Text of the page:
Personal Finance Retail Banking Investments Credit Cards Life Insurance Car Insurance Newswire
Education

What Is An Occupational Associate Degree

By David Krug 9 minute read

It’s normal to be apprehensive about beginning your college career. It may seem overwhelming to students fresh out of high school or who have been out of school for some time, but many bachelor’s and associate’s degree-granting schools provide an extensive variety of academic options. 

The wide spectrum of liberal arts, social sciences, and degree courses that require an advanced degree to acquire a job might appear irrelevant to students who are searching for instantly practical professional skills.

They also know exactly what they want in life and how to get there. For others, it’s more of a guessing game. That’s when a degree in Occupational Studies comes in handy.

Occupational studies degrees are the practical counterpart of a liberal arts degree. Courses from several areas are integrated into a degree program that may be tailor-made for each student’s individual needs. Occupational studies degrees may come with a variety of predefined specializations. 

This type of specialization can be based on departments at a particular college or institution that are particularly well-regarded, or it can be tailored to meet local needs for highly-skilled graduates in certain fields.

As with all of the degree and career-related subjects we cover here at DegreeQuery, occupational studies is no exception. A large number of the most frequently asked questions about career studies will be addressed below.

There is no need to worry if you don’t find what you’re searching for, though. Below, you’ll find a wide variety of relevant sites.

What are the Available Degrees in Occupational Studies?

Associate’s and bachelor’s degrees in occupational studies are often offered. They’re designed to fill in training gaps not covered by other degrees, combining strong liberal arts and science courses with education specific to a certain profession.

With an occupational studies degree, students can choose from many pre-designed concentrations. Occupational studies programs can provide specialties in a wide range of career-centered skill clusters, but some of the most prevalent specializations include the following:

  • Culinary Arts
  • Facilities Management
  • Medical Assistant or Technologist Positions
  • Radiological Tech
  • Fire Science
  • Construction Technology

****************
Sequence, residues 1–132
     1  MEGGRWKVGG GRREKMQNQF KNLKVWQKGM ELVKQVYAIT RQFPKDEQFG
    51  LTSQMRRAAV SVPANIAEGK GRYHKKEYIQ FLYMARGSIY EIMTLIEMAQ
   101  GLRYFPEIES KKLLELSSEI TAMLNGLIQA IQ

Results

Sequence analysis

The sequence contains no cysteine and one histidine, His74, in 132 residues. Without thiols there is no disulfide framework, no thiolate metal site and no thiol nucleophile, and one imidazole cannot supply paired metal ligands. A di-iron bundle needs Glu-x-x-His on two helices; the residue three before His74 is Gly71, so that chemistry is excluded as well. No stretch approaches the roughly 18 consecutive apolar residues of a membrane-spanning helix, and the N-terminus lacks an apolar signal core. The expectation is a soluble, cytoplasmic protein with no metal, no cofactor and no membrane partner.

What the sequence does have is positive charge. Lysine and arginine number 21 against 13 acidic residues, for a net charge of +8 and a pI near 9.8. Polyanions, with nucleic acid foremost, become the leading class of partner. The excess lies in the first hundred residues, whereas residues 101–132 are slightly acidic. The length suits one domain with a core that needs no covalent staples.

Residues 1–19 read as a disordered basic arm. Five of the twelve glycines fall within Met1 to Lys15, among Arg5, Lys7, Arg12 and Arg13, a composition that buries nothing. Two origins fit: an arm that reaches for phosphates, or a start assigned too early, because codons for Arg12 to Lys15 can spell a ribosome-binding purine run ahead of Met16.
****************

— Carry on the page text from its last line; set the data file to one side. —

• Agriculture
  • Information Technology
  • Among Others

You may notice that several of these degree programs are also available as stand-alone degrees. This is true, however, not every institution or university has the resources or desire to devote an entire school to each of the aforementioned degree areas.

Occupational studies permit institutions to develop interdisciplinary degrees that include a small cluster of courses tailored toward certain vocations, as well as a wide choice of courses from multidisciplinary departments throughout the college or university.

There are 1.5-2 years of study required for an associate’s degree in vocational studies. Students are most likely to begin their education by completing courses in general education. 

It’s common for these classes to cover a wide variety of the following subjects:

  • Liberal Arts
  • Social Sciences
  • Natural Sciences
  • Art, Music, or Theater
  • Physical Education
  • Mathematics
  • Ethics, Religion, or Philosophy
  • English Literature and Composition
  • Data Literacy
  • Among Other Courses

Taking general education classes in high school is a great way to get a head start on college-level work in a variety of fields. These courses aid in the development of students as well-rounded thinkers, doers, and citizens.

Despite the fact that these courses may not appear to be directly relevant to the occupational skills you’re pursuing in an occupational studies degree, they will certainly help numerous soft and supportive skills for progression and success within your career.

This is a difficult degree, to sum up, because there are so many different specialties under occupational studies that may be pursued. 

As an alternative, certain occupational studies associates can choose between two tracks:

  • Choice of courses within your school’s colleges and departments for an Occupational Studies curriculum
  • Specializations that focus on a certain sort of work

The concentration of occupational studies specializations at the associate’s degree level is on career-focused course clusters that aren’t included in any other degree.

Occupational studies degrees may be an option if your two-year institution does not offer courses in fields such as fire science or radiography technology or a variety of other jobs.

Occupational studies associate degrees are a method for schools and universities to enhance their career-focused courses. Look into occupational studies degrees if you can’t find a degree that’s relevant to your desired employment field.

There are 120 credit hours required for completion at the bachelor’s level, thus students may anticipate spending 3-5 years studying.